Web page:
Get Your Grass Ready for Fall
When cooler September temperatures start to herald the upcoming arrival of fall, a lot of routines change. Your routine for taking care of your yard should be one of them.
In addition to the blanket of fallen foliage you can be looking forward to, your grass itself changes its growth and nutrient absorption pace when the weather chills out.
Here are a few tips for caring for your grass through the changing seasons:
At the beginning of the fall, you can mow less often and leave your grass a little longer — especially if you’re growing warm season grasses like Bermuda. That added grass blade area will let the grass soak in more sun and store more nutrients.
Once the temperatures start to really cool down, consider trimming your grass at a slightly shorter height. “Mow the lawn with the blade on its lowest setting to help the sun reach the crown of the grass,” American Home Shield suggests. This is especially important for your last few grass trims later in the fall. That will prevent long, dead grass ends from smothering new growth after the winter.
During the fall, weeds do the same thing the rest of nature is doing: fall back into energy and nutrient conservation mode. They’re ready to absorb whatever comes their way, including weed killers. Strategic use of weed killers now makes it less likely that they’ll be coming back around next year.
“Perennial weeds readily send herbicides containing glyphosate, 2, 4-D, and MCPP applied as a spray or granules to their roots in fall,” according to Better Homes & Gardens. “Sprays work best on days with moderate temperatures and when the soil is moist.”
Now is the time to be thinking ahead to next year and what you want your yard to look like when spring rolls around. If you live in the South and want to plant tulip or daffodil bulbs for next year, get those in the ground before it freezes. Not all bulbs can weather the winter in more northern climates, but southern winters stay mild enough to keep them protected and ready to thrive when spring arrives.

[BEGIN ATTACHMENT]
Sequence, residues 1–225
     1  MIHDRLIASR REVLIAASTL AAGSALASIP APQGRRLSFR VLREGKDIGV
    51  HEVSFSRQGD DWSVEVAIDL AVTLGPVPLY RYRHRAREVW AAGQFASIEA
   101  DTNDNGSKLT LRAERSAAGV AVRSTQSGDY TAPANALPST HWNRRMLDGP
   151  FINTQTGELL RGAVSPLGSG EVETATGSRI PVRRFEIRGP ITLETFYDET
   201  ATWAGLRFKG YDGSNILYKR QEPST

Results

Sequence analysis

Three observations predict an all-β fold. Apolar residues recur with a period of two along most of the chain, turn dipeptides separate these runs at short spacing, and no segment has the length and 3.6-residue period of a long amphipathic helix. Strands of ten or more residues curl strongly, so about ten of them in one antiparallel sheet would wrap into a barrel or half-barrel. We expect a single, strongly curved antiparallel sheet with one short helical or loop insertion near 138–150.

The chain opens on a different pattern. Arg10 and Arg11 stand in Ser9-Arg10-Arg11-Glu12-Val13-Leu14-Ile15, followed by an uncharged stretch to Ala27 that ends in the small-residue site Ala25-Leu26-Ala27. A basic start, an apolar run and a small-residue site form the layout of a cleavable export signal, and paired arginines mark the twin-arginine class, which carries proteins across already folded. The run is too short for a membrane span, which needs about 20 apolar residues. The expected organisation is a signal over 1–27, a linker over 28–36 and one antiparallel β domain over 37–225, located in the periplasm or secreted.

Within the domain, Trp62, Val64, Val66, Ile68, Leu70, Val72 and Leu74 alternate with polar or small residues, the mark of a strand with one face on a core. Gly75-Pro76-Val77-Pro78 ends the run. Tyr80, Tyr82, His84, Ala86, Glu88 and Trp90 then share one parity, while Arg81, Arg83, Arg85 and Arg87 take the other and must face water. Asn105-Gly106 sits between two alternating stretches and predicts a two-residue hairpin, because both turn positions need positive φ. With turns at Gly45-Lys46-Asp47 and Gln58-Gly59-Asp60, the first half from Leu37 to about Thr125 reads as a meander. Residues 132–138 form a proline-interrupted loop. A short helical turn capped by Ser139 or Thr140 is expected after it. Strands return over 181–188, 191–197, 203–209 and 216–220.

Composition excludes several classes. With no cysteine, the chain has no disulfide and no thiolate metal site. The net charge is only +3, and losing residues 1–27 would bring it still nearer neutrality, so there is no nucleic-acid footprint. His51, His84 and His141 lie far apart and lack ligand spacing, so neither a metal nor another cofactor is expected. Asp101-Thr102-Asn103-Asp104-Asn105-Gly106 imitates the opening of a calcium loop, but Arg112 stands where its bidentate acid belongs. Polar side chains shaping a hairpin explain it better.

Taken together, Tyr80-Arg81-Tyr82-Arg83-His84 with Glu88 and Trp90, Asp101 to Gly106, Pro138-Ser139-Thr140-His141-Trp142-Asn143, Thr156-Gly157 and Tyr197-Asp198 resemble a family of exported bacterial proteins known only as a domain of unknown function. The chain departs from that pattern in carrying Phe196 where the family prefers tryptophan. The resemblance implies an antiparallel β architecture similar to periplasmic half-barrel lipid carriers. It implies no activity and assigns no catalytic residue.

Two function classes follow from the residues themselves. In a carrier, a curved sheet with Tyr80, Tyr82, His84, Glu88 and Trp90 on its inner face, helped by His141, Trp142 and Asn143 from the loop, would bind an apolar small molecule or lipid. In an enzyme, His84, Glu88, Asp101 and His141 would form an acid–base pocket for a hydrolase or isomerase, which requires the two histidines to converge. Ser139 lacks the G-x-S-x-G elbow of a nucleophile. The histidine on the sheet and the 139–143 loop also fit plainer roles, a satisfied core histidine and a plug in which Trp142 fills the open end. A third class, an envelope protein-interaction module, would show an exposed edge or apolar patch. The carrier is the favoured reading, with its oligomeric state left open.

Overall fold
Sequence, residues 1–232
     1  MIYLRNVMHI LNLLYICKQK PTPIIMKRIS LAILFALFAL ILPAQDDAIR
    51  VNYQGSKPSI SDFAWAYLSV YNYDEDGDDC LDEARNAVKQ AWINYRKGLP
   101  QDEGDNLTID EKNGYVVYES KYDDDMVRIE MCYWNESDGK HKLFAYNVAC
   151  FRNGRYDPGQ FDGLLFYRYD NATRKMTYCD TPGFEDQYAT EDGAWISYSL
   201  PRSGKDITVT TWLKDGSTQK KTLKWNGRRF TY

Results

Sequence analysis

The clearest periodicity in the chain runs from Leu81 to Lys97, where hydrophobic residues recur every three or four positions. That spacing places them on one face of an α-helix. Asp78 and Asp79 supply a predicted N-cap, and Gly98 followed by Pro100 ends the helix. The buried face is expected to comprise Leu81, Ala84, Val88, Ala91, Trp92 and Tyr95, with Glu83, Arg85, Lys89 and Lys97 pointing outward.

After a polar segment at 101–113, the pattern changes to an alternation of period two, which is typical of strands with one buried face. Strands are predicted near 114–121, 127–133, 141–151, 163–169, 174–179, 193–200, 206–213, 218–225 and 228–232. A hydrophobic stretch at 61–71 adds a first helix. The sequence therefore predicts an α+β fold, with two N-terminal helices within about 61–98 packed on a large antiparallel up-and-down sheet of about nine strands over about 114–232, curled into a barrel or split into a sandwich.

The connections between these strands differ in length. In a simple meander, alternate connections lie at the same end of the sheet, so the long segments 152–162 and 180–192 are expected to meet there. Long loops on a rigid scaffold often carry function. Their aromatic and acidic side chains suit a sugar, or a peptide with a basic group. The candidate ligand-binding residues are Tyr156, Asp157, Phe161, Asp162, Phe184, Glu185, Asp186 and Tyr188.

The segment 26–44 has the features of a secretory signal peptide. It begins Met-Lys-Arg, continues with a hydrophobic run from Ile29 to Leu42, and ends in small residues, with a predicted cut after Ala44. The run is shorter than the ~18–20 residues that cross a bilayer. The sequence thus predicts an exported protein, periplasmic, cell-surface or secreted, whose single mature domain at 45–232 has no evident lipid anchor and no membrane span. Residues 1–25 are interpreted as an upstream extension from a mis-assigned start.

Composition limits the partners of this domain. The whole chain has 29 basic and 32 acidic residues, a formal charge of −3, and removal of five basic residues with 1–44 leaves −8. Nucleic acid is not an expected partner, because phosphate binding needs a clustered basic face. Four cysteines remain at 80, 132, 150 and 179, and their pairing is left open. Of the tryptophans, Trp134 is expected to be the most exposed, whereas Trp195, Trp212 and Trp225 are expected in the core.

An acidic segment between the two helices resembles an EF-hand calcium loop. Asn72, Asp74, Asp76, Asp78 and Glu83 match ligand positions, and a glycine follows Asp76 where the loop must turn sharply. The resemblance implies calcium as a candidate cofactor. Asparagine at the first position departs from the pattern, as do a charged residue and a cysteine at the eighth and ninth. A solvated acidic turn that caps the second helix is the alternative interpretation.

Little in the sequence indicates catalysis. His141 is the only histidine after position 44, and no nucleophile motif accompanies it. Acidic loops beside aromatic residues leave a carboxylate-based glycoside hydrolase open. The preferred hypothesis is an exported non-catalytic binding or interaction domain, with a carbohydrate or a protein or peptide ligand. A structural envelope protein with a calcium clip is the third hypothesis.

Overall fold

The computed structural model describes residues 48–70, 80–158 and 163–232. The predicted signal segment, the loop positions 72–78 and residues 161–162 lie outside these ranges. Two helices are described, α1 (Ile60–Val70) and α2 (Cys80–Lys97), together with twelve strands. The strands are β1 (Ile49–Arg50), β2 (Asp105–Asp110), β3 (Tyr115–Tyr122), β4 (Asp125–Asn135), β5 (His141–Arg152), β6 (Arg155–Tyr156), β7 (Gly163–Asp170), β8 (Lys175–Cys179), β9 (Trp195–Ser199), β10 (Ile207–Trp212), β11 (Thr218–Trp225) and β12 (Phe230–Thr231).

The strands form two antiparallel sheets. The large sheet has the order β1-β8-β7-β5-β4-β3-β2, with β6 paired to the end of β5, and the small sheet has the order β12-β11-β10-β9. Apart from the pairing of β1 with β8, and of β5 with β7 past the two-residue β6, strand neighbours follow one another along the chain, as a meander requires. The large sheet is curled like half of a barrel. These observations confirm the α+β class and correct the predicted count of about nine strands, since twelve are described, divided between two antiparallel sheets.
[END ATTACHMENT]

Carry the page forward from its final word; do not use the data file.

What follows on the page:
Fall is also the perfect time to fill in any balding spots in your grass. The cooler temperatures allow new seed to get some growth in without harsh summer heat or the obstacle of rapidly growing weeds. If you want to go the sod route, now is the best time to get sod laid as well.
You knew this one was coming. In addition to the important visual aspect of preventing an unsightly layer of dead foliage from taking over your carefully curated yard, raking leaves is actually important to keeping your grass alive. Especially if you wait until after it rains, fallen leaves can smother and kill grass. This makes raking soon and often an important part of the care and keeping of your grass. Clearing off leaves also ensures that your grass can make the most of the sunlight.
If you want to make the task a little easier, you can run a mulching mower through a light carpet of leaves to shred them. This can create a composting effect. This method is only ideal for small quantities of leaves, however; once the autumn carpet gets thick, it’s time for the blower and the rake.
Need help taking care of your lawn for the fall? Find out how North Texas Lawns can help!
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